Terror attacks do not traumatise people more than other distressing events, research finds

'The reassuring conclusion of our work is that terrorism does not terrorise,' says University of Bath professor Bill Durodie

Peter Stubley
Wednesday 17 October 2018 17:44
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Terror attacks do not traumatise people any more than other distressing events, according to a new study, which suggests that the impact of terrorism on mental health has been exaggerated by politicians, officials, the media and academics.

It also questions the idea that people, particularly the young, can be traumatised merely through watching such events unfold on TV.

Published in The Lancet Psychiatry journal, the research reviewed more than 400 research articles studying the association between acts of terrorism and mental health.

It concluded terrorism does not cause increases in post-traumatic stress disorder (PTSD) more than would be expected.

“After 9/11, there was an enormous push to uncover evidence of PTSD in people who said that they had been affected by those events either directly or indirectly through the media,” said professor Bill Durodie from the department of politics, languages and international studies at the University of Bath. "Despite this, the reassuring conclusion of our work is that terrorism does not terrorise.

“In that regard, our findings fly in the face of various announcements from politicians, officials, the media and even other academics that terrorist incidents impact our mental health and well-being adversely.”

Prof Durodie added: ”There is clear evidence of people’s resilience in the face of such events and so, for us, it is important for politicians, the media and commentators to take these findings on board and refocus attention more on this in the face of such terrible events.”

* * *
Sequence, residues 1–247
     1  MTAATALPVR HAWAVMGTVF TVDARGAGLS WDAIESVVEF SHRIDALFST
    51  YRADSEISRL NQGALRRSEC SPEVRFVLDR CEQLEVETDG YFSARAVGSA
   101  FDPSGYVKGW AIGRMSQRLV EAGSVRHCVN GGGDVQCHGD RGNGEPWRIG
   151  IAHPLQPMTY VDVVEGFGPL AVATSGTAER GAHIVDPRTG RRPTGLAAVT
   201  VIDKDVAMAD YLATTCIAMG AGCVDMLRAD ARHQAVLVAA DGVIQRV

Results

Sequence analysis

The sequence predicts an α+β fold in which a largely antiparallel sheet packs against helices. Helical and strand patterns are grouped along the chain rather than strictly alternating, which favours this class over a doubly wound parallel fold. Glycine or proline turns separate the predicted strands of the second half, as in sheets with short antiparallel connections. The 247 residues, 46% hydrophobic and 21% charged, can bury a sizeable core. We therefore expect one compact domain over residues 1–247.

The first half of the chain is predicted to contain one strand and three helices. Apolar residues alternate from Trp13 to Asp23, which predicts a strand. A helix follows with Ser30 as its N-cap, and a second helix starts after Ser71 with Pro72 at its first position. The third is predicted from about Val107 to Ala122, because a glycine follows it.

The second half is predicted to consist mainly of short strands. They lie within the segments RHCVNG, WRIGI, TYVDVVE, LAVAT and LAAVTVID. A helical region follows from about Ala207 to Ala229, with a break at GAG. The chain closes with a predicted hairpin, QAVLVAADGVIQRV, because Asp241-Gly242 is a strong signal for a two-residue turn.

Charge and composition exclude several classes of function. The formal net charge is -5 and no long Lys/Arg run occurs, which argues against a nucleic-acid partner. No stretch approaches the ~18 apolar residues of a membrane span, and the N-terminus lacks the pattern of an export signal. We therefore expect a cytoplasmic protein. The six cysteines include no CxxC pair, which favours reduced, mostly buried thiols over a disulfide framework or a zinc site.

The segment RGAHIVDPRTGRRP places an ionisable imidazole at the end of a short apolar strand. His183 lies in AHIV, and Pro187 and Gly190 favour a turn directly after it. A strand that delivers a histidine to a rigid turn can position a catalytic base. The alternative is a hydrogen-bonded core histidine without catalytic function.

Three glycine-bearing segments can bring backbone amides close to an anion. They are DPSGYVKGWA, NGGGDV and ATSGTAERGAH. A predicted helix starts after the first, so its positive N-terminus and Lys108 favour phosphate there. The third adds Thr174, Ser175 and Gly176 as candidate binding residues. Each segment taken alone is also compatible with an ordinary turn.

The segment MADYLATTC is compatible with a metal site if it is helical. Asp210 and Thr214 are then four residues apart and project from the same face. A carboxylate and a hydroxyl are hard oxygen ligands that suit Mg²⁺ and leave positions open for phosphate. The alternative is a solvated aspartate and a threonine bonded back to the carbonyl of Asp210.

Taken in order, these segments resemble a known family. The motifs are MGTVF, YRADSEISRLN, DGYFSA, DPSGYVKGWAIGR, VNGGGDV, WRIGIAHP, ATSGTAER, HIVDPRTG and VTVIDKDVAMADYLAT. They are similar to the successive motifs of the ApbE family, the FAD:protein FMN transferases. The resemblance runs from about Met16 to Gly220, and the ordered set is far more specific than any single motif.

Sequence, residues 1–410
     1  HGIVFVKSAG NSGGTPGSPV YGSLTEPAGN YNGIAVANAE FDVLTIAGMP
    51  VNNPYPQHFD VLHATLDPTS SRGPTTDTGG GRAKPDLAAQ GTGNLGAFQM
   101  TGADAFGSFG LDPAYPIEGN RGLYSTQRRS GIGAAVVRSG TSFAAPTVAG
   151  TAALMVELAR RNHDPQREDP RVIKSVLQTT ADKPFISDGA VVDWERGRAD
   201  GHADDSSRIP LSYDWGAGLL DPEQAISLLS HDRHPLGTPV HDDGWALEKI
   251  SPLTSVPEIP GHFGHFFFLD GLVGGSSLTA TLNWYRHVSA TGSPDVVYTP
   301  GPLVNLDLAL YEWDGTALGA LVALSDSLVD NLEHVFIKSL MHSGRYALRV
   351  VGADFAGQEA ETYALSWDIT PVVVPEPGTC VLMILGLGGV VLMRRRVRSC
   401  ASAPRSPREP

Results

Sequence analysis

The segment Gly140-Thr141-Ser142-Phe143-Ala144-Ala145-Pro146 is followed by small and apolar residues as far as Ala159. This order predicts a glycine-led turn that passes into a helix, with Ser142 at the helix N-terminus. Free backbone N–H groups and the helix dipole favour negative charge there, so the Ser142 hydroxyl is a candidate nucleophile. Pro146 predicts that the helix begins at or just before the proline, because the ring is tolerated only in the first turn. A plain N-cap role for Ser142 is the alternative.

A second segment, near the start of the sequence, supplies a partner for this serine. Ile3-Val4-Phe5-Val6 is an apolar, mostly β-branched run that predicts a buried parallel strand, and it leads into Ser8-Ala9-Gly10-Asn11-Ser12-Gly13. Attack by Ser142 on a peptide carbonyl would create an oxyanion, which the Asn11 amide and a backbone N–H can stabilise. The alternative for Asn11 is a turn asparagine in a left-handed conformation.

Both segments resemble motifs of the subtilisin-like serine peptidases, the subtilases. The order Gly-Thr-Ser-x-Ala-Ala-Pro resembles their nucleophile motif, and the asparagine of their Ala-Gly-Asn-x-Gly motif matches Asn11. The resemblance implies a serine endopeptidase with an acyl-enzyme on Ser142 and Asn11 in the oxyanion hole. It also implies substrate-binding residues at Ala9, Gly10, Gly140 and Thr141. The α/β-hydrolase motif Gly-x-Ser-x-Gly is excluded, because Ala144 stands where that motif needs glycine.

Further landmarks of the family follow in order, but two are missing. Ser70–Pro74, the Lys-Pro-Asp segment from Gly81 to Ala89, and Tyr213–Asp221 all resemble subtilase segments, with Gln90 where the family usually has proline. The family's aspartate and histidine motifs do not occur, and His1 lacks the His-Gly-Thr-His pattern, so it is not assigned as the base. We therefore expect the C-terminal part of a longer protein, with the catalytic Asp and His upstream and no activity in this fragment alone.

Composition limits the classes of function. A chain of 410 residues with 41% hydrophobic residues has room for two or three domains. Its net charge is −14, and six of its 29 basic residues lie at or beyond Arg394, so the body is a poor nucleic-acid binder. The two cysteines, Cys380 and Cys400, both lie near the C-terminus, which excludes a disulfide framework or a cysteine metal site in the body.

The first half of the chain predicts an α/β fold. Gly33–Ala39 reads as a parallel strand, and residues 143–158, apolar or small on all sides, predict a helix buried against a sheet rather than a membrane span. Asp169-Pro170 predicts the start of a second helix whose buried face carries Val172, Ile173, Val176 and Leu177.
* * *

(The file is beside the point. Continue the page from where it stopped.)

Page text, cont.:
The team of researchers found almost no focus on links between terrorism and mental health until shortly before 9/11, followed by a spike in articles focused on the connection. However, researchers found no clear association between terror events and cases of PTSD.

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Their findings suggest many studies expanded what was meant by the term, allowing for categories such as "pre-PTSD" or "PTSD-symptom" to be included.

This could lead to those who genuinely suffer from it being less able to access the support they need, they said.

Responses to terrorist incidents that highlight social bonds and resilience – rather than physical vulnerability – should also be encouraged, the researchers added.

It also ignores other significant social, economic and physical impacts tied to terror events. In the case of 9/11 this included respiratory disorders and job losses.

Dr David Wainwright, senior lecturer at the University of Bath, said: “Notably, our work also drew into question the presumption that people, particularly the young, can be traumatised merely through watching such events unfold on TV. Some researchers did rush to such conclusions but usually retracted them a few years later.

“Unfortunately, though, it is their earlier, impressionistic assumptions that continue to be cited in many instances, despite most noting that there is no conclusive evidence on this.”

He added: “Of course, young people should be protected from events and have these explained to them. They may need to have their television viewing limited, too. But this has more to do with the challenges of asserting parental authority today – a social factor – than media or medical effects that are deemed to be inevitable.

“The inordinate focus on children in the work we reviewed may also express an unstated desire to control adult responses through the auspices of protection.”

“This is not to say that people who experience traumatic events do not need psychological support,” Prof Durodie said. But we believe that it is unhelpful to categorise more people than is true with PTSD.”

Additional reporting by Press Association

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